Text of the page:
Brenna Eckerson has always had an eye for good stories.
Growing up in Manteo, N.C., Eckerson remembers her first high school job as an usher for Roanoke Island’s “Lost Colony” production and its influence on her passion for storytelling. “Honestly, I just told people where to sit, but I took the job because I’d be near the theater,” she says. After graduating from NC State in 2002 with a degree in mass communications, Eckerson learned to channel her creative energy into screen writing – a skill that’s made her invaluable in the television business.
Prior to joining the Distillery Pictures team as a writer, producer and developer in 2006, Eckerson had already earned post production credits on a number of Discovery Health programs, including “Surviving Sextuplets and Twins,” the show that first shed light on the infamous Gosselin family.
Eckerson says her current project, “Salvage Dawgs” – a documentary-style series starring Robert Kulp and Mike Whiteside, the charismatic co-owners of Virginia-based architectural antique shop Black Dog Salvage – is different than anything she’s ever produced. “In addition to character-based reel,” she says, “this show also falls into the category of object-based reality TV.”
“Salvage Dawgs” gives viewers a colorful glimpse into the business of antique reclamation, repurposing and resale. The show’s stars, Kulp and Whiteside, bid on condemned structures to recover architectural artifacts of America’s past – everything from doors and windows to light fixtures and garden statues. “I love the historical aspect of the homes and buildings,” Eckerson says. “If the guys weren’t doing this work, these pieces would end up in a dump somewhere.”
Eckerson laughs as she describes Kulp and Whiteside. “They’re polar opposites, but they balance each other out nicely,” she says. “Tons of fun, tons of personality.”
With a project like “Salvage Dawgs,” Eckerson’s work is a hybrid of several jobs, including field producer, series producer, and series creator and developer. How are the jobs different? “In some ways, I’m currently wrapped up in all those titles for the show,” she explains. “Field producers usually act – at least in the context of the docu-drama and docu-reality genres – as a director in addition to field producing.”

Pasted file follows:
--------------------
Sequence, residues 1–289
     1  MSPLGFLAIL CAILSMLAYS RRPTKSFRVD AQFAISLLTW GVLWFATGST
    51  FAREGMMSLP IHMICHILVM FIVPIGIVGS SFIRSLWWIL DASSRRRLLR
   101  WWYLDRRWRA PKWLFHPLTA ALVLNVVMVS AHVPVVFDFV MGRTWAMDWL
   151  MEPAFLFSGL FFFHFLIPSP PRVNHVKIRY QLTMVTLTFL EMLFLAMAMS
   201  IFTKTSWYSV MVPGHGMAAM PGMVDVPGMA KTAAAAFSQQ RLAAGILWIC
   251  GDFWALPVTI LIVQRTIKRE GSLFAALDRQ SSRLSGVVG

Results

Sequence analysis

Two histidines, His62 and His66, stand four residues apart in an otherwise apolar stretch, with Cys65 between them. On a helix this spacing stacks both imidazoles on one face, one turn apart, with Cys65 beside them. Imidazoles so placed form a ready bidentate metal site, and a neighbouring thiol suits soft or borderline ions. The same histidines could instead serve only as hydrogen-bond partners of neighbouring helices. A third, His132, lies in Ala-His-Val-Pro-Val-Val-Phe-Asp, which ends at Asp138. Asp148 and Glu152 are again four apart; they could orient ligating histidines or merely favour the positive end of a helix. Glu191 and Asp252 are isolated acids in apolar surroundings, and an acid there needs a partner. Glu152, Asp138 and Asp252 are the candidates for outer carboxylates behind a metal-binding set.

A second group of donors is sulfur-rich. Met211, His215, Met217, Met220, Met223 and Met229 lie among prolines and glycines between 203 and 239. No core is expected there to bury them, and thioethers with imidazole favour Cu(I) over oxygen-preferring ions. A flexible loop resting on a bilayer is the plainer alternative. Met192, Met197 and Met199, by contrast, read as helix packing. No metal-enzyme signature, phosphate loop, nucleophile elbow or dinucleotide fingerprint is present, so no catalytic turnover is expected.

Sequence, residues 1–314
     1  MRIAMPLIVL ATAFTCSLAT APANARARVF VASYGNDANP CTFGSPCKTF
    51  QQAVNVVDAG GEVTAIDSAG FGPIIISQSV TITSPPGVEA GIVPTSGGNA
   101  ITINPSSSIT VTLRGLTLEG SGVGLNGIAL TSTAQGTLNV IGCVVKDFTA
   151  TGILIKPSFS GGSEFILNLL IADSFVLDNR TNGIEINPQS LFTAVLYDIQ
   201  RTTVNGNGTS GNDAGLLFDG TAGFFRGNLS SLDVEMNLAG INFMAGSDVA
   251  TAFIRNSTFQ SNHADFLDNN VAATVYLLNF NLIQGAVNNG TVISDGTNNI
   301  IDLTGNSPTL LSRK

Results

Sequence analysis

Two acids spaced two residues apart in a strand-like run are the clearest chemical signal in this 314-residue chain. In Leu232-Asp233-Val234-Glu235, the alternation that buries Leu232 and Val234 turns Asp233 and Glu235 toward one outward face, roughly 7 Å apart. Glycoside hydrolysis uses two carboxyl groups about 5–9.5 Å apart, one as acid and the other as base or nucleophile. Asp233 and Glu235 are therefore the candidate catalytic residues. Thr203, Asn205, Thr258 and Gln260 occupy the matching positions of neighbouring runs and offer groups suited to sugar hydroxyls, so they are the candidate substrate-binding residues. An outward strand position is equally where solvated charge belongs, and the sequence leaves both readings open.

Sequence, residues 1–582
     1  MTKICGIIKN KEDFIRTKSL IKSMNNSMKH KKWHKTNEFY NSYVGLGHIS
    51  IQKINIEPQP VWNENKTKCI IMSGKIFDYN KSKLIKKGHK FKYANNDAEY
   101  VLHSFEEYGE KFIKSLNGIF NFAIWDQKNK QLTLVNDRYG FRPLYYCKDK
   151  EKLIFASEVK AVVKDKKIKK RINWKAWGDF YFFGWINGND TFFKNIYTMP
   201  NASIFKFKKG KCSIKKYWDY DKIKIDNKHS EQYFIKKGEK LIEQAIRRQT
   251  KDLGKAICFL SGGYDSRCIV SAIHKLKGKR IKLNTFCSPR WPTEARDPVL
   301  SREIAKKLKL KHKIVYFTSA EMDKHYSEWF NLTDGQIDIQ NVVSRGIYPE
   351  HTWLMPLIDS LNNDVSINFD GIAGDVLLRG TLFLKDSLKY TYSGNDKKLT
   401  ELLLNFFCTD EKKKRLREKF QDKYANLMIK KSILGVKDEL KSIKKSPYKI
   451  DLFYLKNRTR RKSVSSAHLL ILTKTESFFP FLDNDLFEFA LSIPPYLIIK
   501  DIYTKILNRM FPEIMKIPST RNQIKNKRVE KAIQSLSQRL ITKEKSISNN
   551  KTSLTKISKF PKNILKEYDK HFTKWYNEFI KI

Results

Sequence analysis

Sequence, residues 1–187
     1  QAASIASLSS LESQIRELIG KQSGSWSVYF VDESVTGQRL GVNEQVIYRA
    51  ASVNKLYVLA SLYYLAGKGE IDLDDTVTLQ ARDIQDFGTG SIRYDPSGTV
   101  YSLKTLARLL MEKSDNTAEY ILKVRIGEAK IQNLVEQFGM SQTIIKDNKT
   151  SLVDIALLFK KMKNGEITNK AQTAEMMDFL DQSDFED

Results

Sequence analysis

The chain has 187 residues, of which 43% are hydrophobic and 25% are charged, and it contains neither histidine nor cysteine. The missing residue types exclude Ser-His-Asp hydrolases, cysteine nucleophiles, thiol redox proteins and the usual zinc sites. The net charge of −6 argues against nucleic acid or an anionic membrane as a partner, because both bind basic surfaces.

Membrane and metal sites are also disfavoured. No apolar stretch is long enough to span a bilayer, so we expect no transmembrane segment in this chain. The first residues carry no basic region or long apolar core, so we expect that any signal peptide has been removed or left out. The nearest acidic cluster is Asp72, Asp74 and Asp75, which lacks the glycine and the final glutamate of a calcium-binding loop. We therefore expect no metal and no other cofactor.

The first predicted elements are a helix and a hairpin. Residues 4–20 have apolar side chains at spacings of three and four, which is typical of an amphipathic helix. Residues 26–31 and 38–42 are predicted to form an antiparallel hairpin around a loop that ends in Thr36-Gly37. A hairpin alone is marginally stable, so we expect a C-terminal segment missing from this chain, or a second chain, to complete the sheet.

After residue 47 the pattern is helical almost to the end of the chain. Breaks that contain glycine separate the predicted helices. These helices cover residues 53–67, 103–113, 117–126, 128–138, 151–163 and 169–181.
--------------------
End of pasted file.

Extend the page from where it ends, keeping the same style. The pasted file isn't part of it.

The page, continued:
“Series producers,” Eckerson continues, “oversee an entire series to ensure consistency of tone and character development.” Series creators and developers, by contrast, often work in a more collaborative capacity. “There’s usually a team of us figuring out what the format is going to be,” she says. “We assess each character’s strengths and weaknesses, focus on satisfying the client, and try to decide what the audience wants to see.”
A producer’s role in “Salvage Dawgs” also involves “lots of traveling back-and-forth” from Roanoke, Va., where the show is filmed, to Trailblazer Studios’ production facility in Raleigh, N.C. “I was on all six initial episodes,” Eckerson says. “As far as the information goes, I go out in the field and work with the story and stars, but we’re currently working on the development aspect here at the studio – conducting interviews, holding content meetings, etc.”
One of Eckerson’s favorite aspects of “Salvage Dawgs” is the versatility of its appeal. “The thing I particularly love about this show,” she says, “is that people of all ages and both genders gravitate towards it – some to the construction and deconstruction processes, and others to the creativity and artistry.”
Eckerson shares her pride in the show’s recent promotion to one of the Do-it-Yourself Network’s primetime spots. “We were also just green-lighted for several additional episodes,” she says, “so we we’re really excited.”
Ultimately, Eckerson’s passion for “Salvage Dawgs” derives from her original appreciation of storytelling and context – bridges built between past, present, and future. “It’s carrying on the workmanship of yesteryear into 2013 and beyond.”